This document provides an introductory guide to the Evaluation and Report Language (EARL) 1.0, and shall be used as an accompanying document to the normative document Evaluation and Report Language (EARL) 1.0 Schema. The Evaluation and Report Language is a framework targeted to express test results. Although the term test can be taken in its widest acception, EARL is targeted to report and exchange results of tests of Web applications and resources. EARL intends to provide a vendor neutral and platform independent format. [Editor's note: synchronize with EARL 1.0 Schema.]
This section describes the status of this document at the time of its publication. Other documents may supersede this document. A list of current W3C publications and the latest revision of this technical report can be found in the W3C technical reports index at http://www.w3.org/TR/.
[Editor's note: describe intent of this working draft and propose feedback questions. Synchronize with EARL 1.0 Schema.]
This is a W3C Working Draft of the Evaluation and Report Language (EARL) 1.0 Guide. This document will be published and maintained as a W3C Recommendation after review and refinement. Publication as a Working Draft does not imply endorsement by the W3C Membership. This is a draft document and may be updated, replaced or obsoleted by other documents at any time. It is inappropriate to cite this document as other than work in progress.
This document was produced under the 5 February 2004 W3C Patent Policy. The Working Group maintains a public list of patent disclosures relevant to this document; that page also includes instructions for disclosing a patent. An individual who has actual knowledge of a patent which the individual believes contains Essential Claim(s) with respect to this specification should disclose the information in accordance with section 6 of the W3C Patent Policy.
This document has been produced as part of the W3C Web Accessibility Initiative (WAI). The goals of the Evaluation and Repair Tools Working Group (ERT WG) are discussed in the Working Group charter. The ERT WG is part of the WAI Technical Activity.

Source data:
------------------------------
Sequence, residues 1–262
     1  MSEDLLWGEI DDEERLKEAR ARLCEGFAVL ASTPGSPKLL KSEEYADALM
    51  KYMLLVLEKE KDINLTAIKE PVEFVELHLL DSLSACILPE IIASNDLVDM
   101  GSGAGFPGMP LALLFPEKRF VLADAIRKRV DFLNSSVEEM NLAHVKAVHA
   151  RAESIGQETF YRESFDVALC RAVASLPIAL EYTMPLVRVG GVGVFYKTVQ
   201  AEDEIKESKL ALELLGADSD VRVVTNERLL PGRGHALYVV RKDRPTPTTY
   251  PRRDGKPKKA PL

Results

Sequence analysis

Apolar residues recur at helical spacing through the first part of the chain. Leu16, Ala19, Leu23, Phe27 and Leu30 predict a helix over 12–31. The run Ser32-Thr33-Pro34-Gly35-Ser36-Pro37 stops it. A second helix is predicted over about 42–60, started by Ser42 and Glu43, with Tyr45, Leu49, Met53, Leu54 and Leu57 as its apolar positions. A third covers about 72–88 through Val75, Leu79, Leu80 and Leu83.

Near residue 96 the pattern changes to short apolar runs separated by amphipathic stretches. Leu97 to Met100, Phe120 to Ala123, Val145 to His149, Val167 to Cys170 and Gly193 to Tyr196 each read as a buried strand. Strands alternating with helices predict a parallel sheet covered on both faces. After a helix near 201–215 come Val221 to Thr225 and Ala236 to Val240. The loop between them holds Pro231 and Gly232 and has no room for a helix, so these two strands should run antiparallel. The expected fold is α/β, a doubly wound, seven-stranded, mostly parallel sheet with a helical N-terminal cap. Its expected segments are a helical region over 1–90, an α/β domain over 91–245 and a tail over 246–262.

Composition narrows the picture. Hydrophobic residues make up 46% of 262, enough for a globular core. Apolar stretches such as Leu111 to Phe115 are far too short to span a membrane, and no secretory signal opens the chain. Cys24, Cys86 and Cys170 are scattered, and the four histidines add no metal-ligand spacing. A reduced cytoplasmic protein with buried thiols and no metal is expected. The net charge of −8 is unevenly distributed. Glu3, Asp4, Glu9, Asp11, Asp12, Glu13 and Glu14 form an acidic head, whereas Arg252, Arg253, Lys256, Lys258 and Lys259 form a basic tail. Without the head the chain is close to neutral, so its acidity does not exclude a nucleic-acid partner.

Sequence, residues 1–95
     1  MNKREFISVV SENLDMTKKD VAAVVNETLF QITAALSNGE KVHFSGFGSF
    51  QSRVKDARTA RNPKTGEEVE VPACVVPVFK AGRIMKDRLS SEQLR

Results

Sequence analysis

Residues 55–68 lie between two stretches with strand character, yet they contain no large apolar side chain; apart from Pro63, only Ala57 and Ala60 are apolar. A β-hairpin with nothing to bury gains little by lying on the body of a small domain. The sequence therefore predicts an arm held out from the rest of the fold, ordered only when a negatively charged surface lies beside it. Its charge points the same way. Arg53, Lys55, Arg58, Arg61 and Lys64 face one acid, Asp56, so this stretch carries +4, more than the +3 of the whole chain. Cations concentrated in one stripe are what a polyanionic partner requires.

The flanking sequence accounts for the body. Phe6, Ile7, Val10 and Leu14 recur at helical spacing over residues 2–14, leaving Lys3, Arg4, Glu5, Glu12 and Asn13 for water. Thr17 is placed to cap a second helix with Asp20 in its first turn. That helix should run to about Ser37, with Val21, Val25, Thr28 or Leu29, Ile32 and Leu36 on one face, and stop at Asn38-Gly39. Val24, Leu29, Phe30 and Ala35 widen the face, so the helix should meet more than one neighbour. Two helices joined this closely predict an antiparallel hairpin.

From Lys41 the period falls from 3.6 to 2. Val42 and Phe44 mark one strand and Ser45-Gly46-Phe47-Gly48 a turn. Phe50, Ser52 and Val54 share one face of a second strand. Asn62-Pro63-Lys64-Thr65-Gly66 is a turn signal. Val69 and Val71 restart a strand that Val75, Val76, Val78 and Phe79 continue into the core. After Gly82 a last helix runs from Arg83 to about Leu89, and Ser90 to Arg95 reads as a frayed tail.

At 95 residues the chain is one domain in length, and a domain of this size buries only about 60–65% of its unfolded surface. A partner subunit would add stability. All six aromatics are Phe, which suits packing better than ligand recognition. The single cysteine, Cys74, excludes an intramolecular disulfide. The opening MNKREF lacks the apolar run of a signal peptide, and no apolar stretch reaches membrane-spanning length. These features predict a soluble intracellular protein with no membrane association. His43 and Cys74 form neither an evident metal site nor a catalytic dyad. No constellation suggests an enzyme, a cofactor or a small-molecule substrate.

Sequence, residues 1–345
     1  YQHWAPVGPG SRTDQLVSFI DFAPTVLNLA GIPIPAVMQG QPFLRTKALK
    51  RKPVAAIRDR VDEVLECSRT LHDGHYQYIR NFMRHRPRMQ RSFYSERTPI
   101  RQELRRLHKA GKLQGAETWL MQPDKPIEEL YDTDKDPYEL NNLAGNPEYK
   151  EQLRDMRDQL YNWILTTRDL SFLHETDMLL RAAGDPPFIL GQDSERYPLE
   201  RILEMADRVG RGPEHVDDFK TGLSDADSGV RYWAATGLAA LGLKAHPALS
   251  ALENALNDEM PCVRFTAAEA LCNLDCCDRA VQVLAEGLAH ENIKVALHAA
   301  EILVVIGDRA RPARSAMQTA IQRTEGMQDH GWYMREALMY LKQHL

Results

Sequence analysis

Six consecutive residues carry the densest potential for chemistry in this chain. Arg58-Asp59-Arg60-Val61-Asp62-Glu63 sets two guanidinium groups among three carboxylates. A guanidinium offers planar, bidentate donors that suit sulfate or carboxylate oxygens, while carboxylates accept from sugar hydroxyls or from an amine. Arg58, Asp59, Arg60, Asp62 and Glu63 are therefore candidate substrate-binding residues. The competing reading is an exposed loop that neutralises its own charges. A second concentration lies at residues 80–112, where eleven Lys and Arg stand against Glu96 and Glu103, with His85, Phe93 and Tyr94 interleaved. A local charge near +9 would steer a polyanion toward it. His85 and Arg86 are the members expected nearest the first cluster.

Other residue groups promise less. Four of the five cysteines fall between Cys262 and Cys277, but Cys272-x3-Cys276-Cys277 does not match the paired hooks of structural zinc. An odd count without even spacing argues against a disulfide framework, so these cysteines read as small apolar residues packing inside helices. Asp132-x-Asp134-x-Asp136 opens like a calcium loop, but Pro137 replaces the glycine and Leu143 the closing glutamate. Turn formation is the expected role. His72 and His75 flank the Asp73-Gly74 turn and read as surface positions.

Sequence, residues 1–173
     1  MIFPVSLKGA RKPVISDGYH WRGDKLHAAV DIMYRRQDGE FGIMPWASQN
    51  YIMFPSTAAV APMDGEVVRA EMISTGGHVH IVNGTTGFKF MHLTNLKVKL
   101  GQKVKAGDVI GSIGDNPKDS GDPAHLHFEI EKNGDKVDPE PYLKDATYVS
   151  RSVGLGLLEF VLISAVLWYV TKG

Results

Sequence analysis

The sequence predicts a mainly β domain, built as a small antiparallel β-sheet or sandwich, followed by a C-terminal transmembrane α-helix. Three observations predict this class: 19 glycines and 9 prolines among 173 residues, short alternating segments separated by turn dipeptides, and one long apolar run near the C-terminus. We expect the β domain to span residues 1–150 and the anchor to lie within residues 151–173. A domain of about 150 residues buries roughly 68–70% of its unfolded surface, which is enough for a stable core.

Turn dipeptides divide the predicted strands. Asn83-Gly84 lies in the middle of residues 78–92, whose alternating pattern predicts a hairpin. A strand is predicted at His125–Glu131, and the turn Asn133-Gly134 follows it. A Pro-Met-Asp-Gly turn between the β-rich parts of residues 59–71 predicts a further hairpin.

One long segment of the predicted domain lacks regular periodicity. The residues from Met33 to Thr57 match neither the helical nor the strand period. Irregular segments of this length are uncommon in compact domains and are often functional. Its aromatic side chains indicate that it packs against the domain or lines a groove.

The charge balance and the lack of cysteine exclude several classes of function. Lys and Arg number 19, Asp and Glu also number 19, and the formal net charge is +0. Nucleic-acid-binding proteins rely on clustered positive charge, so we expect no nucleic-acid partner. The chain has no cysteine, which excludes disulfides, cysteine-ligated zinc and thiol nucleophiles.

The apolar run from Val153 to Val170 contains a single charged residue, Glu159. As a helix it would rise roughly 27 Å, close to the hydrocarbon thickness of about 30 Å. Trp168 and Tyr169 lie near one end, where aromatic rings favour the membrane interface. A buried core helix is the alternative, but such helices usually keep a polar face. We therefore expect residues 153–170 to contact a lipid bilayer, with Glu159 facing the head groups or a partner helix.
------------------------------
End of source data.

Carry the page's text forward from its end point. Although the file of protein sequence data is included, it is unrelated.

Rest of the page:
This document provides an introductory guide to the Evaluation and Report Language (EARL) 1.0, and shall be used as an accompanying document to the normative document Evaluation and Report Language (EARL) 1.0 Schema.
[Editor's note: ...]
The objectives of this document are:
Although this document does not assume any previous knowledge of EARL, the following knowledge is assumed:
The Evaluation and Report Language (EARL) is a framework targeted to express and compare test results. EARL builds on top of the Resource Description Framework [RDF], which is the basis for the Semantic Web. It is not the object of this document to introduce the reader to the intricacies of RDF, and some basic knowledge must be assumed as a pre-requisite (see, e.g., [RDF-PRIMER] for more information). As any RDF vocabulary, EARL is not more than a collection of statements about resources, each with a subject, a predicate (or a verb) and an object. These statements can be serialized in many ways (RDF/XML or Notation 3, N3). A typical EARL report could contain the following statements (oversimplifying the notation and not including namespaces):